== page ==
The Chancellor started his speech emphasising the support that had been given to the economy before announcing the extension of many of the schemes to later in the year which should, hopefully, be after the restrictions can be eased. The support is being tapered away to try to avoid any “cliff edge” scenarios.
The certainty that this presents should help businesses plan for their reopening. The overall cost of the support is expected to be £407bn and, unsurprisingly, later in his speech, the Chancellor addressed how he plans to start rebalancing the books.
Job Retention Scheme
The Coronavirus Job Retention Scheme (CJRS), which was due to end in April 2021, has been extended to the end of September 2021. The scheme will provide the same level of support until June 2021. From July, the Government will introduce an employer contribution towards the cost of unworked hours of 10% in July, 20% in August and 20% in September. Employees will continue to receive 80% of their current salary, capped at £2,500 per month, for hours not worked. The employer contributions are to reflect the fact that the economy is expected to be picking back up at that stage.
- A fourth and fifth Self-Employment Income Support Scheme (SEISS) grant will be available. The eligibility for the grants and the calculation will become more complicated.
- The fourth grant will cover February to April 2021 and will be paid out from late April 2021 with the fifth grant available to claim from July until September. The fourth grant is calculated at 80% of three months of their average trading and partnership profits for the last four years and capped at £7,500. The fifth grant will be subject to a Financial Impact Declaration that determines whether applicants are eligible for either a higher or lower grant amount based on how much their turnover has reduced in the year April 2020 to April 2021 and will be calculated either at 80% of three months of the claimant’s average trading or partnership profits for the last four years, capped at £7,500, or at 30% and capped at £2,850.
- It is expected that 600,000 more individuals may be newly eligible for SEISS due to these individuals now having filed a 2019-20 Self- Assessment tax return.
- Businesses occupying eligible retail, hospitality and leisure properties and nurseries in England will be granted a 100% business rates discount for 3 months from 1 April 2021. For the remainder of the financial year, these properties will receive a 66% discount with a cap of £2 million per business for those that were required to close as at 5 January 2021 and a cap of £105,000 per business for those that were not required to close. Businesses can choose to opt out of the relief.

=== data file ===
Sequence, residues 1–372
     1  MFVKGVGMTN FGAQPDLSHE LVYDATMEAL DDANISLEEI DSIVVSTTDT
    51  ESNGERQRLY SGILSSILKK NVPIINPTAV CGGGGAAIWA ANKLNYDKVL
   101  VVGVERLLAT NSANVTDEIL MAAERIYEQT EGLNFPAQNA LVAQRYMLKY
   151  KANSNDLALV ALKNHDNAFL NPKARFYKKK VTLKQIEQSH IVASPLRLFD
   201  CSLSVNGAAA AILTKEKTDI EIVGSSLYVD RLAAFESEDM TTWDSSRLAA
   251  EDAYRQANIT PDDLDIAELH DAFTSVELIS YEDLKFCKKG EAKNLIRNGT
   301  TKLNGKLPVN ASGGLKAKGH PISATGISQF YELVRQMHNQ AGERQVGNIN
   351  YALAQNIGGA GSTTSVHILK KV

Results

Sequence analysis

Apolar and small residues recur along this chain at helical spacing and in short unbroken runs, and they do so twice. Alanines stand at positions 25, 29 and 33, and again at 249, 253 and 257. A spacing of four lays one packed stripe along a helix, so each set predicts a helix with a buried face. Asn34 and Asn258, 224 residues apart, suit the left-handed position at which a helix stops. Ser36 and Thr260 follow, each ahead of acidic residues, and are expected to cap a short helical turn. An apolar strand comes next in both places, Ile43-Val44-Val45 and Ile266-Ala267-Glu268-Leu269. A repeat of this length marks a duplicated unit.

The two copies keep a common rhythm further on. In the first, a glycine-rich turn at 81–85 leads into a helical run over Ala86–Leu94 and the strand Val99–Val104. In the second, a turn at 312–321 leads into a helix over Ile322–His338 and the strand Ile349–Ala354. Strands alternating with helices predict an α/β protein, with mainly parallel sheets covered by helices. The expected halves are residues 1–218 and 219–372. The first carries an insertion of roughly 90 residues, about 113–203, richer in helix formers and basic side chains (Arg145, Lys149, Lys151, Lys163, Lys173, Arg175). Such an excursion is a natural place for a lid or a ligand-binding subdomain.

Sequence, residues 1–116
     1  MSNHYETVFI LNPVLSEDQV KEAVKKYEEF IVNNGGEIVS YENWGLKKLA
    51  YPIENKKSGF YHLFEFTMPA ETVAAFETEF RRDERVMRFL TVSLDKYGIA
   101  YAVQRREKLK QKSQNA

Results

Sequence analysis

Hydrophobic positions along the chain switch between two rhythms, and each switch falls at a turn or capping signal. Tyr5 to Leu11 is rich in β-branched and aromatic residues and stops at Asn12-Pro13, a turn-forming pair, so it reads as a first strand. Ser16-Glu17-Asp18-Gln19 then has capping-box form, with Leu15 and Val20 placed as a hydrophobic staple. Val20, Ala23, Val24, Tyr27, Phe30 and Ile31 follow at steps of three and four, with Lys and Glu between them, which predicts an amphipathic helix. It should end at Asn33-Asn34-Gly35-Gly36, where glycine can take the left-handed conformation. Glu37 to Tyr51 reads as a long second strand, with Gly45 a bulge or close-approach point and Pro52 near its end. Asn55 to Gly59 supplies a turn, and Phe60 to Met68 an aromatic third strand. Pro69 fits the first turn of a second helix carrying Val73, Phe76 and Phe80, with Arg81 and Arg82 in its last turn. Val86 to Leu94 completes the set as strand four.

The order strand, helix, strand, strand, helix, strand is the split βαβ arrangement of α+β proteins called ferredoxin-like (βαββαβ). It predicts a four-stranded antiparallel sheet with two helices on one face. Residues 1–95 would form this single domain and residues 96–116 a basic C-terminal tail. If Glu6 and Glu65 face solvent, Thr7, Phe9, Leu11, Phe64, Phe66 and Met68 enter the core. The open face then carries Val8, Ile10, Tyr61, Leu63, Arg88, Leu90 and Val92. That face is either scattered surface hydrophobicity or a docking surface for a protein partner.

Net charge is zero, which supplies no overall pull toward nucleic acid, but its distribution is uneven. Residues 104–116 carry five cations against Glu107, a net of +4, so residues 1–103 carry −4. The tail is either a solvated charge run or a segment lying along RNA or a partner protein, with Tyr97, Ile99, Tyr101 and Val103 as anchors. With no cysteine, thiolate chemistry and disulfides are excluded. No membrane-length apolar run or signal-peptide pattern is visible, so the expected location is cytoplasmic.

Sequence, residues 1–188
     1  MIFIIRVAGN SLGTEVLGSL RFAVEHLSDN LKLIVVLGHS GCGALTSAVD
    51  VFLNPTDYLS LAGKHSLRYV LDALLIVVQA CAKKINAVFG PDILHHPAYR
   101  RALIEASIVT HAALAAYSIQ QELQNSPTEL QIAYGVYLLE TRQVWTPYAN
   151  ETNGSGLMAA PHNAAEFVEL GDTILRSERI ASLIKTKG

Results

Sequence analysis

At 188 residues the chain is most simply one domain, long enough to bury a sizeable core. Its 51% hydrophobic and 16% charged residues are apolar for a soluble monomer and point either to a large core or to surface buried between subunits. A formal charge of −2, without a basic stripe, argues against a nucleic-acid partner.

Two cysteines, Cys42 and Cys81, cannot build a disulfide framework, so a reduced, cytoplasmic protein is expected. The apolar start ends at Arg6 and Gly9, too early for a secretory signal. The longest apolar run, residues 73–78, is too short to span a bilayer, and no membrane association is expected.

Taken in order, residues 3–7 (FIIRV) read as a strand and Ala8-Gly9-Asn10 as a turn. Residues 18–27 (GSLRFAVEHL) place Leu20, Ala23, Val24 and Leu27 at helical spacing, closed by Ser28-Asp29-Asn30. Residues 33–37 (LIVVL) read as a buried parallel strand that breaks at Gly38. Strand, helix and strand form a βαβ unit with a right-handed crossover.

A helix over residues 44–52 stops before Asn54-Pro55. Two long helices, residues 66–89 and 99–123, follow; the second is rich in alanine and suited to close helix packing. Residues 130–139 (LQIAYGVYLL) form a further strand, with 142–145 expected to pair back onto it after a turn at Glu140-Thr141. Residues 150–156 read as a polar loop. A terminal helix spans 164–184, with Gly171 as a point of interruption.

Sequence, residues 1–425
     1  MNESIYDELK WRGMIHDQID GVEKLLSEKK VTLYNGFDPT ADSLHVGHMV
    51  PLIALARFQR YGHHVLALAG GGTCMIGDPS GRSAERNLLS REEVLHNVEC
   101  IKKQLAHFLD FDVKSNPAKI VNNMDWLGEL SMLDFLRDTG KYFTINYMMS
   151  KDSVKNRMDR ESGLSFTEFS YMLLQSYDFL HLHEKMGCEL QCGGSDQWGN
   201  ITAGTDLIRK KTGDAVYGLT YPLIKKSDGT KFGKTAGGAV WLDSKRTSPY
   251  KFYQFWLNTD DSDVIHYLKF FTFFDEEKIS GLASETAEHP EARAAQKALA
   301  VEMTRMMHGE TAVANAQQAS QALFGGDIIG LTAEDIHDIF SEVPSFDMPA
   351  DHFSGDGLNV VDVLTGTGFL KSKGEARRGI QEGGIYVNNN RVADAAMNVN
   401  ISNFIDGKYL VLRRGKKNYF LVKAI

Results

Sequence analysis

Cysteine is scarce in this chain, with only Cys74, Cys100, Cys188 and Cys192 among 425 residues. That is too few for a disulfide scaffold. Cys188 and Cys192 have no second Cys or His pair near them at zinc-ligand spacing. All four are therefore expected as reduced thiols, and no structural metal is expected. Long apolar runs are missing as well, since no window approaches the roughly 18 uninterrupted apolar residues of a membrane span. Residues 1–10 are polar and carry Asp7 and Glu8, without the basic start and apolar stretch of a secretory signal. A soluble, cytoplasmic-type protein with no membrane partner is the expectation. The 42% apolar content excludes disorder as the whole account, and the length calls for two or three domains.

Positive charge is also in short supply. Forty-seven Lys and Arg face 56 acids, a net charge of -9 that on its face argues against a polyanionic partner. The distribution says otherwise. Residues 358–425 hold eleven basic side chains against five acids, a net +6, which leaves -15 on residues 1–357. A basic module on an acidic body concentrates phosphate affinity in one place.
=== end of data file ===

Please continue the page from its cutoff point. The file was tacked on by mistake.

- Legislation will be introduced to ensure that the business rates relief repayments that have been made by certain businesses are deductible for corporation tax and income tax purposes to ensure that these businesses are no worse off from a tax perspective than if they had paid the business rates in the first place. This will apply for repayments made to the devolved administrations as well as to those made in relation to England.
Extension of VAT deferrals and reductions
- The temporary reduced rate of VAT of 5% on supplies of accommodation, food and beverage services excluding alcohol, and specified attractions has been extended for 6 months from 1 April 2021 to 30 September 2021; this is followed by a 12.5% rate until 31 March 2022.
- Any business that took advantage of the original VAT deferral on VAT returns from 20 March through to the end of June 2020 can now opt to use the VAT Deferral New Payment Scheme to pay that deferred VAT in up to eleven equal payments from March 2021, rather than one larger payment due by 31 March 2021, as originally announced.
Recovery Loan Scheme
- From 6 April 2021 the Recovery Loan Scheme will provide lenders with a guarantee of 80% on eligible loans between £25,000 and £10 million to give them confidence in continuing to provide finance to UK businesses. The scheme will be open to all businesses, including those who have already received support under the existing COVID-19 guaranteed loan schemes.
The Treasury has come under criticism for the design of the support packages including their susceptibility to fraud. To combat this threat the Government will invest over £100 million in a Taxpayer Protection Taskforce of 1,265 HMRC staff. This represents one of the largest responses to a fraud risk by HMRC. In addition, the Government have stated they will raise awareness of enforcement action in order to deter fraud and will significantly strengthen law enforcement for Bounce Back Loans. The support schemes can be complex to implement and there will be more complexity as the schemes taper away. It is essential that businesses ensure that they are fully conversant and compliant with the rules so that they can deal with any HMRC enquiries.
Get in touch
If you have any queries on the topics covered in our UK Budget 2021 report, please contact Johnny Hanna, partner in change, KPMG in Belfast.
KPMG in Northern Ireland